At least Carey didn’t go all Stephen Colbert on Bernie as they both sat next to Putin for the Russian Grand Prix.

He did take a swipe at the new engine and while I’ve tried to respect those F1 fans who really like the new format, I think it’s time we all agree that the move wasn’t the best and I may have been right back in 2013 when I spoke against this format and move and the reasons for the move to V6 Hybrid turbo engines.

I’ll be very interested to see how Ross Brawn gets on with the F1 Strategy Group, if that group is retained, how the FIA will react to potential Brawn suggestions and more. I have to think all of this is much more important and a bigger issue than speaking about what Bernie didn’t do or how short-sighted he was.

Hat Tip: Autosport vai Press Association

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GaryKPDX
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GaryKPDX

A CEO is given an agenda by the board and he/she executes. Hate it or not, that’s corporate governance. All these players know that. So Carey’s remarks are nakedly disingenuous. He has a different agenda from his board. Why does it include trashing Bernie in such a personal way? And, no, I am not a Bernie fan, per se.

geeyore
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geeyore

Well I think Carey merely segued from a compliment to Bernie, to a critique of CVC (Bernie’s employer) and their “three month” (to wit, quarterly) obsession with investor returns. I don’t see anything in the quoted comments that would actually be a direct criticism of Bernie. The quote “The current engine, for example, ended up being too complicated, too expensive, and lost some of the sound that added to the mystique of the sport,” pleases me. And it further demonstrates that Carey is commenting on the feckless governance of F1 by the FIA and by CVC – not by Bernie… Read more »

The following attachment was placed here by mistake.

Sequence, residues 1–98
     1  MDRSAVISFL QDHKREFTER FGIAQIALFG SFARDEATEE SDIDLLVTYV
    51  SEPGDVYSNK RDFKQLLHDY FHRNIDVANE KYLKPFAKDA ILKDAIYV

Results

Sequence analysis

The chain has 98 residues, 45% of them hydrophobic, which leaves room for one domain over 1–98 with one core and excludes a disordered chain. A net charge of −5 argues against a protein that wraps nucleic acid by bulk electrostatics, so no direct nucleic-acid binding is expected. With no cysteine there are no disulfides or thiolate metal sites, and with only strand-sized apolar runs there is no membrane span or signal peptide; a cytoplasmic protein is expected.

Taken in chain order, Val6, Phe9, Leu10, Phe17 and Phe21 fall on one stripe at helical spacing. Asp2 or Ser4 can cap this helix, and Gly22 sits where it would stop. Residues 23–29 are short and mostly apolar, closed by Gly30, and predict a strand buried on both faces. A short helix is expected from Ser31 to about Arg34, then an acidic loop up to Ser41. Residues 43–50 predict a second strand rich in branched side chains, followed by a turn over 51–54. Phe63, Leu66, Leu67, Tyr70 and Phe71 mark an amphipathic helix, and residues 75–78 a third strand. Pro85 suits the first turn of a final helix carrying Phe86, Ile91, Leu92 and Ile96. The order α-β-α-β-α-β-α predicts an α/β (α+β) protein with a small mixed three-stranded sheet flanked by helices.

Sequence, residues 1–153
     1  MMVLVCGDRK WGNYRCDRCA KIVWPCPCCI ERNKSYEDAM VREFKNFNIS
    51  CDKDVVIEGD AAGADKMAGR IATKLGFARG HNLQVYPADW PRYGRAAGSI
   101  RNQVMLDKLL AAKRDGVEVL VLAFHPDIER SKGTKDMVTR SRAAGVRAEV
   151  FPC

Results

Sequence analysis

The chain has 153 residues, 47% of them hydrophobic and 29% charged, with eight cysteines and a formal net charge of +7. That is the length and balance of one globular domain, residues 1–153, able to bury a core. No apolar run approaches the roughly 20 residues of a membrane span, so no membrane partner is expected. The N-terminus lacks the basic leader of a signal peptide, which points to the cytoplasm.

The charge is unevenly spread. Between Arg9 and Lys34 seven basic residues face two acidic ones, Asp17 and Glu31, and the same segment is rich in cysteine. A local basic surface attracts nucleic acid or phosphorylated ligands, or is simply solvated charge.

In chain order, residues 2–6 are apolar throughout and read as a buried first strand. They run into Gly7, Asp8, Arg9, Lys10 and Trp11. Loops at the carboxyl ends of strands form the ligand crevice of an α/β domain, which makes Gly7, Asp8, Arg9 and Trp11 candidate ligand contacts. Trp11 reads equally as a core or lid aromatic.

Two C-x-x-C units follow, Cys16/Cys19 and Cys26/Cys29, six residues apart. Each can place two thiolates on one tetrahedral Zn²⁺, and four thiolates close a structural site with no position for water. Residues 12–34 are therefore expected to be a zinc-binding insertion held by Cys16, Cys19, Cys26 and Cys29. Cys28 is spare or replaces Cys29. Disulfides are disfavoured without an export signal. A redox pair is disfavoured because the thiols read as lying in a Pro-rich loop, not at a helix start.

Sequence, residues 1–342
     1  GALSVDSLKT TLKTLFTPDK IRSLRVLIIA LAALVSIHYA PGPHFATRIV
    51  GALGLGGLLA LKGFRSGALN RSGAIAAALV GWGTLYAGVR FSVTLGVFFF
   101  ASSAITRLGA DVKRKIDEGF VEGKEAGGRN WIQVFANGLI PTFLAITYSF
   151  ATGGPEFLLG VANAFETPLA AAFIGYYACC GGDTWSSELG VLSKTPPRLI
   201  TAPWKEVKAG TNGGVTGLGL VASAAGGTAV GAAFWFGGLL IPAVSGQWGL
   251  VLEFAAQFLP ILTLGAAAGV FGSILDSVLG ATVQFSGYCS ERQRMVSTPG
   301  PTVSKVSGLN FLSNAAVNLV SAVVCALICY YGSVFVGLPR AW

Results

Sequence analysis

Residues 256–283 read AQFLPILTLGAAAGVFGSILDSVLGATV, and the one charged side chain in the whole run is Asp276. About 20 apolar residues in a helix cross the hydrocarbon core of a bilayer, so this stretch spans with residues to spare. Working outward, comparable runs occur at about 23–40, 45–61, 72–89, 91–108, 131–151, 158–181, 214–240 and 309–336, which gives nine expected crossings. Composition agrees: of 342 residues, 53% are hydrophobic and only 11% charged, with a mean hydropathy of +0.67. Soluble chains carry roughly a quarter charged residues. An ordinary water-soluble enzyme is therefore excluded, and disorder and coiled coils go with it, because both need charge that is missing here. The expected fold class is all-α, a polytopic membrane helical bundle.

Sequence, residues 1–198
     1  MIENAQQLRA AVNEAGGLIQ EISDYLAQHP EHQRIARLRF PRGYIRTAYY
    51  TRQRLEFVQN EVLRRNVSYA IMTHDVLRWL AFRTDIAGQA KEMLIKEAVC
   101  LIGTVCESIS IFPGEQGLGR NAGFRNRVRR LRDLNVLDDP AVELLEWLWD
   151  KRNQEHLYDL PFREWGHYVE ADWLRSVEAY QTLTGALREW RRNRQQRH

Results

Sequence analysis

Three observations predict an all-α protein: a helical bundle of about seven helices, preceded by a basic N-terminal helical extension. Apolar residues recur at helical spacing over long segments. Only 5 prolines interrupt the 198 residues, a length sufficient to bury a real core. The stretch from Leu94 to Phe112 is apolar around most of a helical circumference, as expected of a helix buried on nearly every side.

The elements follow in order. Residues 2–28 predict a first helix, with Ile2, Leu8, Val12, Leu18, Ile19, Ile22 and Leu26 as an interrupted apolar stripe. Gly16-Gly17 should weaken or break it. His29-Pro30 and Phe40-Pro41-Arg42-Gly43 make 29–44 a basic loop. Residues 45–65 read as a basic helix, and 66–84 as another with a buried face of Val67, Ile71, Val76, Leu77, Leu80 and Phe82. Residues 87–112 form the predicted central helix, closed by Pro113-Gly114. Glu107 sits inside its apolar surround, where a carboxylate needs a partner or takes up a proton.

Chuck Voelter
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Chuck Voelter

The ship has sailed, don’t expect NA V8s to return. Disaster? I guess that depends on your POV. The engineering that made a 30% reduction in fuel while simultaneously achieving gains in record speed cannot be put away now only evolved. Perhaps they should allow playing cards in the spokes ;)

geeyore
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geeyore

“The engineering that made a 30% reduction in fuel while simultaneously achieving gains in record speed cannot be put away now” I guess so, if efficiency if your holy grail. Mine is competitive racing and – from a spectator perspective – the visceral experience of motorsport. As all motorsport shows – not just F1 but all – any rule can be changed at any moment for any reason, whimsical or not. For example, FIA changed the NA engine format in 2013 knowing full well of its adverse impacts on Formula 1. They even published a booklet about those known adverse… Read more »

Daniel Johnson
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Daniel Johnson

Honestly I don’t see anything inaccurate with what he said. I’m really more interested in how he plans on building value into the F1.